Purpose: We applied Multi-Criteria Decision Analysis (MCDA) methods in a structured benefit–risk assessment of cladribine and newer approved disease-modifying drugs (DMDs) for patients with relapsing-remitting multiple sclerosis (RRMS). Methods: Decision conferencing with clinical neurologists as decision makers was used to create an MCDA model that incorporated available evidence on DMDs for RRMS and clinical judgments about the relevance of the evidence. Benefit–risk assessments were conducted for DMDs in both patients with RRMS and patients with RRMS with high disease activity (HDA; defined as ≥2 relapses in the previous year). Treatment options included cladribine and recently approved DMDs available in European Union countries at the time of assessment (December 2015): alemtuzumab, dimethyl fumarate, fingolimod, natalizumab, and teriflunomide. To account for the relative importance of DMD effects, scores for the MCDA model were weighted to ensure that the most clinically important attributes carried more weight in the final benefit–risk calculation. The neurologists weighted different efficacy and safety profile attributes without any reference to individual DMDs to disassociate the assessment of weights with any specific DMD. The neurologists did not do direct comparisons between DMDs. Findings: The highest overall weighted preference value for the RRMS model was for dimethyl fumarate (63) followed closely by cladribine (62). For patients with RRMS and HDA, cladribine had the highest overall weighted preference value (76), followed by alemtuzumab (62) and natalizumab (61). The benefit–risk balance of cladribine in patients with RRMS and specifically patients with RRMS who exhibited HDA characterized by high relapse activity (≥2 relapses in the previous year) was more favorable than the other DMDs included in the model. Implications: The balance of high efficacy and the safety profile makes cladribine an important treatment option to consider, both in patients with RRMS and patients with HDA. Regular, single-country meetings could be organized to explore how differences in cultural values (scores and weights) and updated input data might affect the usefulness of MCDA in different, real-world, dynamic clinical settings.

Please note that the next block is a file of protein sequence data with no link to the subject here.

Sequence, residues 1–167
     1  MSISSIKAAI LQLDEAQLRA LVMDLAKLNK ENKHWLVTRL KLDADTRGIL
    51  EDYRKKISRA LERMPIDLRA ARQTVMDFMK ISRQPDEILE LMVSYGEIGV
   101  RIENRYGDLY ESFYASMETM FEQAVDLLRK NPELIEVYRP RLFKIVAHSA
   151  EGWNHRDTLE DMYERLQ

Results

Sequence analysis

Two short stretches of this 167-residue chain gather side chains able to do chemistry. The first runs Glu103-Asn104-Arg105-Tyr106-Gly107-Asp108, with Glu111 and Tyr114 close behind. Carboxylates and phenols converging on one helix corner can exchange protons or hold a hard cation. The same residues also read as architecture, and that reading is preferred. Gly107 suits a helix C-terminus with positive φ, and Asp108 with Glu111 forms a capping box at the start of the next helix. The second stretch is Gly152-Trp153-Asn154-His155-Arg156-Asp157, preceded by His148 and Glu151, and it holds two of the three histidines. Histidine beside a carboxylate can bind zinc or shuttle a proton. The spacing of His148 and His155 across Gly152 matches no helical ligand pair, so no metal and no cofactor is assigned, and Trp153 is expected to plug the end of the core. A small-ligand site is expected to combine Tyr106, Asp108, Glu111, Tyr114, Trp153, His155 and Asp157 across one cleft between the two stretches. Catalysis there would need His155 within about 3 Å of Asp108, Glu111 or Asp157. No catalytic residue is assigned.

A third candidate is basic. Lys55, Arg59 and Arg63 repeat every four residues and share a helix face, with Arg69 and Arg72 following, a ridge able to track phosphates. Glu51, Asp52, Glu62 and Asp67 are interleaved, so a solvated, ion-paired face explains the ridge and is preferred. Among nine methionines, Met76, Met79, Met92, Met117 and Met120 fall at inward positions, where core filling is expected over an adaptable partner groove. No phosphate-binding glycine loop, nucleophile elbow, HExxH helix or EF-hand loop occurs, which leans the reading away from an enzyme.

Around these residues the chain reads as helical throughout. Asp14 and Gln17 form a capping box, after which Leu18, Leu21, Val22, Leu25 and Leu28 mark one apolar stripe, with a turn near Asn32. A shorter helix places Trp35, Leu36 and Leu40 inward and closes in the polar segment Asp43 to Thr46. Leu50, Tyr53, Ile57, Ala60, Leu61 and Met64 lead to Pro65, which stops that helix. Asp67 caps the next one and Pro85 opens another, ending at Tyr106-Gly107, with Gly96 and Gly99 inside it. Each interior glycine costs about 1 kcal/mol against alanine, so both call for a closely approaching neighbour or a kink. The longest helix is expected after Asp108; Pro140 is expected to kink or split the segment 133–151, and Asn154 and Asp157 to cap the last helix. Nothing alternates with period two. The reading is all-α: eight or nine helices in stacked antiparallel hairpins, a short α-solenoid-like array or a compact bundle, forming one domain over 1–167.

- Multi-criteria Decision Analysis
- multiple sclerosis
- risk assessment
ASJC Scopus subject areas
- Pharmacology (medical)